AMD’S TOP CHIPS look to be in a spot of bother as researchers have found 13 vulnerabilities in its Epyc and Ryzen processors that look to be as critical as Spectre.
The flaws were uncovered by Israeli security firm CTS-Labs, which noted that the vulnerabilities affect the Secure Processor, a co-processor found on AMD’s CPUs where sensitive data such as encryption keys and passwords are stored.
The 13 vulnerabilities fall into four threat categories; Master Key, Ryzenfall, Fallout and Chimera.
Master Key allows for malware to bypass the Secure Processor firmware and allow for the processors to be infiltrated.
To get there, an attacker needs administrator access, either directly or remotely, in order to flash a computer’s motherboard BIOS. This then allows them to infect the secure boot process; a series of checks the chip carries out to ensure the computer hasn’t been tampered with and only allow trusted programs to be launched.
With an infection at the secure boot level, the Master Key threat allows attackers to take control of the programs allowed to run during a computer’s startup, as well as to disable other security features on the Secure Processor.
Ryzenfall is a threat that allows for malware to completely hijack a Secure Processor allowing access to secure data that would normally be out of the reach of attackers. This data could then be used to infect other computers on the same network as the vulnerabilities allow for the Windows Credential Guard to be bypassed.
Used in conjunction with Master Key, Ryzenfall could be used to install persistent threat malware on the Secure Processor to carry out long-term espionage.
Fallout also allows attackers to get access to protected data on AMD’s CPUs, but it only applies to the Epyc processors.
However, these chips are used in data centres and the vulnerability effectively breaks the virtualised segregation of network credentials from other parts of a server’s memory by allowing protected memory areas to be read and written upon.
As such, network credentials can be pilfered and allow for malware to spread to other connected servers; which could potentially wreak havoc with data centres supporting public clouds.
Finally, Chimera relates to backdoor vulnerabilities at a hardware and firmware level, which could allow hackers to inject malicious code into the Secure Processor. At this level, malware would evade pretty much all current endpoint security software and services, according to the researchers.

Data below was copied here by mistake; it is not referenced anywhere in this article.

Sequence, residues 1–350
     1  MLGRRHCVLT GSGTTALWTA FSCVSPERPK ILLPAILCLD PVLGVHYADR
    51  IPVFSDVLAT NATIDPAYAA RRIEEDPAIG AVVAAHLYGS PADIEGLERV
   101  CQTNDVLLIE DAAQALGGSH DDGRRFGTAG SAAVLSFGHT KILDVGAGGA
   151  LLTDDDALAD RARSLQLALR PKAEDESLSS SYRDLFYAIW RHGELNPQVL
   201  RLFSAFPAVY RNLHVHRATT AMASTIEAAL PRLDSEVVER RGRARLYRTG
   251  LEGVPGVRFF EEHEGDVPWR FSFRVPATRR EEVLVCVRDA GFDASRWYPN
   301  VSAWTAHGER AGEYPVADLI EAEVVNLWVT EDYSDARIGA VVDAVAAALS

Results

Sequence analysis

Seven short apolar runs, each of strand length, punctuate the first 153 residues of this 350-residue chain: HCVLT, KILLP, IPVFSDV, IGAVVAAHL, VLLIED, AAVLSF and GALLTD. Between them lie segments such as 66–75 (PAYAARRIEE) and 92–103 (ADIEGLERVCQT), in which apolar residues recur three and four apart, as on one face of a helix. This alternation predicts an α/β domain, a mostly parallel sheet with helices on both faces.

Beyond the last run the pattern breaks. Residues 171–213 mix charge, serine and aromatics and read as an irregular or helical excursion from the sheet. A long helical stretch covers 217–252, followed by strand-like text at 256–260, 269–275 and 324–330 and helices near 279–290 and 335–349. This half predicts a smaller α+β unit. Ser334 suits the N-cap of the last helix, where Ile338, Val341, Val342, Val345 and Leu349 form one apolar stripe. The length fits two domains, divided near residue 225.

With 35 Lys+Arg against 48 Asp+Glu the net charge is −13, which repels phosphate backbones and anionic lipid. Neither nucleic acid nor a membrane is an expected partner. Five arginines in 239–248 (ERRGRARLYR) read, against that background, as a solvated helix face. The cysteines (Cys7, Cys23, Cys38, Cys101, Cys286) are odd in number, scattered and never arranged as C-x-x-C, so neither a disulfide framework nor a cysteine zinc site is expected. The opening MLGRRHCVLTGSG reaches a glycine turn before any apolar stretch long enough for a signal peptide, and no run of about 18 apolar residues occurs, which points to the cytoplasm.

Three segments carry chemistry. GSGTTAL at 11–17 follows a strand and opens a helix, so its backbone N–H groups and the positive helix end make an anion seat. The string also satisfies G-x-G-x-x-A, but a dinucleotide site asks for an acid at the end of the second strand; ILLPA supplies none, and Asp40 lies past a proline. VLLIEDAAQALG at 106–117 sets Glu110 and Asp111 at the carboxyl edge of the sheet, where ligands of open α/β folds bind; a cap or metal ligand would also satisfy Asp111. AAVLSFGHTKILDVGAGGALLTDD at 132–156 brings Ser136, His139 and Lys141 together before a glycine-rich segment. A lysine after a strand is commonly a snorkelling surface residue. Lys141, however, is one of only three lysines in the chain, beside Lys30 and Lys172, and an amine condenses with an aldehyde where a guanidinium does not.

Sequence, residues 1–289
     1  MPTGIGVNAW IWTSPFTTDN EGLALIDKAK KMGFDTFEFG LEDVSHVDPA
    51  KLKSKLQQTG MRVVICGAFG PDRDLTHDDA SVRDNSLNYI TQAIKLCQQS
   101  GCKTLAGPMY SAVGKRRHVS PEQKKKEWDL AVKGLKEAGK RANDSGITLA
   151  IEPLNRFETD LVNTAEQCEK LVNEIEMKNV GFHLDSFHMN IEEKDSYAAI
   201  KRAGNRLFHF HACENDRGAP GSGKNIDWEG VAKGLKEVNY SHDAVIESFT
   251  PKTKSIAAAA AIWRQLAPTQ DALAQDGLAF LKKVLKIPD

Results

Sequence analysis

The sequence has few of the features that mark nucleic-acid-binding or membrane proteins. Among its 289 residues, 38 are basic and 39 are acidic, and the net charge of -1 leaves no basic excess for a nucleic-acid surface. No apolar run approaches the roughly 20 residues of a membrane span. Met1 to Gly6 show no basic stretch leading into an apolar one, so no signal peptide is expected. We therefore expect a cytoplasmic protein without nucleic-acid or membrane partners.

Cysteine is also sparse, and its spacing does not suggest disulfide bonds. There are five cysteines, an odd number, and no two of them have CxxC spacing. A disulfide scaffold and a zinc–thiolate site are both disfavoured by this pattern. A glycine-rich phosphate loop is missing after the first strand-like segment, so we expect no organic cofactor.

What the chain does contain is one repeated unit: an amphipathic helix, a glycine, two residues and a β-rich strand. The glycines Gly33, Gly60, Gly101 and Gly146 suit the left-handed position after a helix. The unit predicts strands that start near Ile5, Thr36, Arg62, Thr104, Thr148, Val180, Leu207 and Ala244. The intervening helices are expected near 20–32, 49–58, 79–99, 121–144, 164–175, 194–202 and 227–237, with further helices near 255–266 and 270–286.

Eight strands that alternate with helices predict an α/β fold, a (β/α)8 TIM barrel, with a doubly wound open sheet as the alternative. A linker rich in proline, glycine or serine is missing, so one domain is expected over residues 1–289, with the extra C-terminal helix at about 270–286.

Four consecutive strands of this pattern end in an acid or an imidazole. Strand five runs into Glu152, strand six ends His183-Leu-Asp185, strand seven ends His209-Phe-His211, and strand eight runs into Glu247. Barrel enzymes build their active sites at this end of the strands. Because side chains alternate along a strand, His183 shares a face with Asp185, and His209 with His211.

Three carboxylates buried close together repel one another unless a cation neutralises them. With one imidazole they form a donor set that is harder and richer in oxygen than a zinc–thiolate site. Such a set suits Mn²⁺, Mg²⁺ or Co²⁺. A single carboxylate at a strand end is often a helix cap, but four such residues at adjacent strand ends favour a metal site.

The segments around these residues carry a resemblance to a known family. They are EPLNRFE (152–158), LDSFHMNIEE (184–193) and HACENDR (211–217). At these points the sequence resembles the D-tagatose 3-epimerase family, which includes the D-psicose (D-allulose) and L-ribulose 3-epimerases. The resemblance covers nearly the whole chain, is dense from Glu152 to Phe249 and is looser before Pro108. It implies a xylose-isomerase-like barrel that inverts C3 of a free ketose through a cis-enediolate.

“The chipset links the CPU to USB, SATA, and PCI-E devices. Network, WiFi and Bluetooth traffic often flows through the chipset as well. An attacker could leverage the chipset’s middleman position to launch sophisticated attacks,” they said.
“Malware running on the chipset could leverage the latter’s Direct Memory Access (DMA) engine to attack the operating system. This kind of attack has been demonstrated.”
So in a nutshell, this suite of vulnerabilities looks to be pretty bad news for AMD. And CTS-Labs announced them immediately, rather than giving AMD the normal 90-day window to fix the flaws.
However, CTS-Labs noted no technical detail on the flaws were revealed so they haven’t opened a Pandora’s box for hackers; only AMD, Microsoft and select companies have the technical details so they can create patches and fixes for the vulnerabilities.
“At AMD, security is a top priority and we are continually working to ensure the safety of our users as new risks arise,” AMD said in response to the research.
“We are investigating this report, which we just received, to understand the methodology and merit of the findings.”
At the time of writing, CTS-Labs claim that if a computer is running a Ryzen, Ryzen Pro, Ryzen Mobile or Epyc chip, then it is at risk, along with machines on the same network, though no attacks have been seen out in the wild yet.
Nevertheless, CTS-Labs researchers don’t want the flaws to be brushed off lightly.
“We believe that these vulnerabilities put networks that contain AMD computers at a considerable risk. Several of them open the door to malware that may survive computer reboots and reinstallations of the operating system, while remaining virtually undetectable by most endpoint security solutions,” they said.
“This can allow attackers to bury themselves deep within the computer system and to potentially engage in persistent, virtually undetectable espionage, executed from AMD’s Secure Processor and AMD’s chipset. It is our view that the existence of these vulnerabilities betrays disregard of fundamental security principles.”
While AMD’s chips were affected by the Spectre flaws, they weren’t affected by the more serious Meltdown bug that affected Intel chips, which AMD was rather smug about.
But with this wave of uncovered bugs in a core part of AMD’s CPUs, the chipmaker is not likely to be full of smiles and is likely working at full-pelt to find mitigations before hackers pry the security holes open. µ